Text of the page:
Once hunted to near extinction, the North American Gray Wolf population has grown under the protection of the Endangered Species Act. In the lower 48 states there are currently 5,000 documented wolves, and Alaska is said to be home to 7,000 - 11,200 wolves.
Reliant upon each other for survival, a Wolf Pack typically consists of 4 to 7 adult wolves. The alpha male and female, the only wolves in the pack who breed, take the lead and are in charge of hunting, establishing a den, and stacking out the pack’s territory. Wolves develop strong bonds and exhibit affection for members of their pack, much like a human family. Pups are born blind and are cared for by the pack until the age of 10 months. This fact gives a whole new meaning to the phrase “it takes a village!’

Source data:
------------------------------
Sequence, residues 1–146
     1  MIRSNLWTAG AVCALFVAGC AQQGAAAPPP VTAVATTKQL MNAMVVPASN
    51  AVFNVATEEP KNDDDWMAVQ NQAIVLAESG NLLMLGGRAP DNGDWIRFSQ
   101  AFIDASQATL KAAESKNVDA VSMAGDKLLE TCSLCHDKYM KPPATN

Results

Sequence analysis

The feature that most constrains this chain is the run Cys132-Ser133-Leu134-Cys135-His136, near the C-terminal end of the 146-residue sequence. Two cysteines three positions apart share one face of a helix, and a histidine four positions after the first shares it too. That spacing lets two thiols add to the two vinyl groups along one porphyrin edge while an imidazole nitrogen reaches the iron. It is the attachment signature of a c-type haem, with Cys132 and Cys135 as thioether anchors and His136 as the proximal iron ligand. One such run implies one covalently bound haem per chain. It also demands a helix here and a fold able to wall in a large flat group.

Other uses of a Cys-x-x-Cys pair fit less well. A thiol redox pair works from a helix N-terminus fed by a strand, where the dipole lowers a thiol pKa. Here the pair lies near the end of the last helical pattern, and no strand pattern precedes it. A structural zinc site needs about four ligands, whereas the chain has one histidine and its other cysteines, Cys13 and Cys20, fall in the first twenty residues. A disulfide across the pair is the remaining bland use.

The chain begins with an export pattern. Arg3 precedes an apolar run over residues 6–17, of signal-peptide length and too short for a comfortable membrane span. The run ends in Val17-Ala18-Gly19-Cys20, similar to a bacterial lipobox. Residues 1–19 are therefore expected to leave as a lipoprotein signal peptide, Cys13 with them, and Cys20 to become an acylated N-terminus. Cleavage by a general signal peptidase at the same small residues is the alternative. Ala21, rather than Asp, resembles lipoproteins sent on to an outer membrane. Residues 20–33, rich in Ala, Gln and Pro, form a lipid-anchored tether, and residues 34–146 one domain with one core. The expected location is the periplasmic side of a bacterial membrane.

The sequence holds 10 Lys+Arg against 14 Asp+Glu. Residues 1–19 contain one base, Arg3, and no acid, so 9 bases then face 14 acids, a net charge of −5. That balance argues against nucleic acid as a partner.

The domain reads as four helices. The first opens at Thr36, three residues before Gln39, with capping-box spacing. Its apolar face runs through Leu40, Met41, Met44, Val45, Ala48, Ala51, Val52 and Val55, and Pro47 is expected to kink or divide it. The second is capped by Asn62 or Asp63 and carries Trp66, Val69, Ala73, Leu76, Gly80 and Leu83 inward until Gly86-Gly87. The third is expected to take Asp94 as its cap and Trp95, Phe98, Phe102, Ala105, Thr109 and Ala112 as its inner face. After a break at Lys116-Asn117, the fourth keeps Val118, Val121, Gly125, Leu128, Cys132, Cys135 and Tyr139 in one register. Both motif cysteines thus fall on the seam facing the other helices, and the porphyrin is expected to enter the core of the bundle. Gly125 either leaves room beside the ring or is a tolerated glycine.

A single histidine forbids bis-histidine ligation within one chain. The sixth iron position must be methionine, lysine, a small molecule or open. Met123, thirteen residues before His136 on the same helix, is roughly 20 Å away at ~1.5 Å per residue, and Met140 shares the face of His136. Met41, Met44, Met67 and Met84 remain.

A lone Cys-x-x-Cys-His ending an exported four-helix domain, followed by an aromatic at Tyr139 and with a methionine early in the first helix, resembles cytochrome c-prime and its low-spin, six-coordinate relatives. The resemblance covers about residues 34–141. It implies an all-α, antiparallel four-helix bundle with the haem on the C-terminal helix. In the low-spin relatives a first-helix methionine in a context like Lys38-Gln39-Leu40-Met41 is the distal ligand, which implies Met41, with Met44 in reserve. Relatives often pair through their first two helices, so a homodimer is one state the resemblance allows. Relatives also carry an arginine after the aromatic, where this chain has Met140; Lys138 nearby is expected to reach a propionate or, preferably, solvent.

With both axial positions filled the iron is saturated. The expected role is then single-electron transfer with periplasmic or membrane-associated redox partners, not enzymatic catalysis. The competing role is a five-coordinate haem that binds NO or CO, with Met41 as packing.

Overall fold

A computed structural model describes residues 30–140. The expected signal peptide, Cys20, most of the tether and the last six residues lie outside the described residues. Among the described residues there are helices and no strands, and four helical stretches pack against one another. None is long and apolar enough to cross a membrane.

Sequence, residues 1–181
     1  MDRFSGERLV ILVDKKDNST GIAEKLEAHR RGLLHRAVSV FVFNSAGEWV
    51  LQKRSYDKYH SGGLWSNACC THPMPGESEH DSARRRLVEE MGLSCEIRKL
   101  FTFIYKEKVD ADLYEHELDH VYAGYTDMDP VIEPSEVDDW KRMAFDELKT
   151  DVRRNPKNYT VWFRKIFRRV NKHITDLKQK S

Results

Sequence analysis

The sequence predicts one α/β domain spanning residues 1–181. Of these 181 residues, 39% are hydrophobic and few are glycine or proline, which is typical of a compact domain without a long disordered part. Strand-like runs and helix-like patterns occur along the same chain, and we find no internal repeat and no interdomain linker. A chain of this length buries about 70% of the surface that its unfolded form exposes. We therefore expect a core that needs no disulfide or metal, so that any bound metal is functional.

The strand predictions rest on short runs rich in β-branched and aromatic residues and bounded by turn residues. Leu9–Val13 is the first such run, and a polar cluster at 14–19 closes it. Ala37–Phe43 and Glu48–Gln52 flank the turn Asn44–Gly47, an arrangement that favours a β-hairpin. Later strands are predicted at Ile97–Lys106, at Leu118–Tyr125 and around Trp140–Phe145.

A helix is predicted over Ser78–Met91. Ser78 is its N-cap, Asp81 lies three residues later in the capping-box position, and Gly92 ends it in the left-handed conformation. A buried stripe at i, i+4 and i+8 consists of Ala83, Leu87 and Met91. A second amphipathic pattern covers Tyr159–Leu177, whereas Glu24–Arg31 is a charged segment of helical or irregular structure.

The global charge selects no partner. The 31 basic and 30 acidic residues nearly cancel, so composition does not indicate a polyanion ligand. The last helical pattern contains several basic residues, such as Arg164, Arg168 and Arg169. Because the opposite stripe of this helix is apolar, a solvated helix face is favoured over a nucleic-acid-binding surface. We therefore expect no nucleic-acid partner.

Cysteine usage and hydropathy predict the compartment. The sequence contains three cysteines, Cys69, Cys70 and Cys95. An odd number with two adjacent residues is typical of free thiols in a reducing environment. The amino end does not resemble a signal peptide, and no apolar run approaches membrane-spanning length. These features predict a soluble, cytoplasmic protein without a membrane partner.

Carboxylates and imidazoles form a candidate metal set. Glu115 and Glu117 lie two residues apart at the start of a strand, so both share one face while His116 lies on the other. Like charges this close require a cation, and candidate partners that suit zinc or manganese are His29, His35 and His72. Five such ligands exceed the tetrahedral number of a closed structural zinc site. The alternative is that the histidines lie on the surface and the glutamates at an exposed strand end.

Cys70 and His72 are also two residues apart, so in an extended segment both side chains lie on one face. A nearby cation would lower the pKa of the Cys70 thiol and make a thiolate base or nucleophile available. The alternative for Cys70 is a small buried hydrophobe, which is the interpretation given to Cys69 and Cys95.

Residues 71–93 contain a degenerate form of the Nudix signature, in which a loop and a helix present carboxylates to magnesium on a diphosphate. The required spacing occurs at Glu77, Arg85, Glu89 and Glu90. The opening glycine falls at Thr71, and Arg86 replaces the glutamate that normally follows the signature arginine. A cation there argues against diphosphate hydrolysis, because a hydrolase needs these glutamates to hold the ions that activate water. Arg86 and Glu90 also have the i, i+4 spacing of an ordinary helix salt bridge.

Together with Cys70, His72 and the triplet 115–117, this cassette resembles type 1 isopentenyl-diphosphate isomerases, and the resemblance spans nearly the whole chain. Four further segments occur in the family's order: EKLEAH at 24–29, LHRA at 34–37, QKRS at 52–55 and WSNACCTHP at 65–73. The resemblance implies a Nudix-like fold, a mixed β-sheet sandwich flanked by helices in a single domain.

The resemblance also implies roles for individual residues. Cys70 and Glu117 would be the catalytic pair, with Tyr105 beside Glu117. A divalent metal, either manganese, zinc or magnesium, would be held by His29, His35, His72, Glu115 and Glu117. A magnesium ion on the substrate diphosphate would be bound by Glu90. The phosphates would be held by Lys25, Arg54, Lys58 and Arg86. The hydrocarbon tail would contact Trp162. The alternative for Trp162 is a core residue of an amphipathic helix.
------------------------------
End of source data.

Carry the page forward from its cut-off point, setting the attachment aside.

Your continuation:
Described as unsettling or alarming to the human ear, a wolf communicates through their howls, “speaking” with other wolves up to 10 miles away. Contrary to popular myth, wolves do not howl at the moon but in fact react to the brightness or light of the moon, causing them to become more vocal during a full moon. An adult wolf can effortlessly jump a 7 foot fence with the grace of a ballet dancer. They reach speeds of 35 miles per hour when in a full run, while the average wolf trots along at 5 miles per hour, allowing them to roam over vast territories with little effort.
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